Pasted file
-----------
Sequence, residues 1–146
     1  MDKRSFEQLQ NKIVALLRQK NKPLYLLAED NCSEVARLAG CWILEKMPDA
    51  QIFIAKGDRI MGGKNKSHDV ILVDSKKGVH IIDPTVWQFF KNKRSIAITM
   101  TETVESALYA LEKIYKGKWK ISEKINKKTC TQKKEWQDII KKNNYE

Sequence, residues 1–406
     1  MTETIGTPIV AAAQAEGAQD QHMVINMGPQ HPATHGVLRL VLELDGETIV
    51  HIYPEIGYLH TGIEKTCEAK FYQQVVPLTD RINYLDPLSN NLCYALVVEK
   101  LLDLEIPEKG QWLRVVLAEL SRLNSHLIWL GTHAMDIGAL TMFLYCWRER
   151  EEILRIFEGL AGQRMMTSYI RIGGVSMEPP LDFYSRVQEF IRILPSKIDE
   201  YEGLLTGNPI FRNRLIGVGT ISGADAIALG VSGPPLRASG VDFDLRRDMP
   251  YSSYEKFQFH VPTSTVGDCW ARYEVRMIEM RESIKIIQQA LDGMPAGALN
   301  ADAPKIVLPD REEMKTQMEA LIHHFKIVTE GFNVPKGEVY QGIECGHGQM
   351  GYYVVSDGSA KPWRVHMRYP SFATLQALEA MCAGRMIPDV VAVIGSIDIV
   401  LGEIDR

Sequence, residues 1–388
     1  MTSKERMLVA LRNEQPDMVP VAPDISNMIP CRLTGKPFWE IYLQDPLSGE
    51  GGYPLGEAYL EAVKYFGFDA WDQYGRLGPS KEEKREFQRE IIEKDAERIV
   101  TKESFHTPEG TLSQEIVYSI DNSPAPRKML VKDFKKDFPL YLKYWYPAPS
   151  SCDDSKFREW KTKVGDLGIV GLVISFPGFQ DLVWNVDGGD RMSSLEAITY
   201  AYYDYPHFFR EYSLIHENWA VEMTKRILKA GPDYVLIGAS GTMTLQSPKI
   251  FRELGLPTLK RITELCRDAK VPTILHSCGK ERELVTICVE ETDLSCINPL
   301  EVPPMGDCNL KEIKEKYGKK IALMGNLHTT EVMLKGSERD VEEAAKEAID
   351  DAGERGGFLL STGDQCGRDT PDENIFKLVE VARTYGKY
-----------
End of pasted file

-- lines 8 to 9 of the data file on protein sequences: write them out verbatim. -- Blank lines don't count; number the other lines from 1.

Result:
   101  LLDLEIPEKG QWLRVVLAEL SRLNSHLIWL GTHAMDIGAL TMFLYCWRER
   151  EEILRIFEGL AGQRMMTSYI RIGGVSMEPP LDFYSRVQEF IRILPSKIDE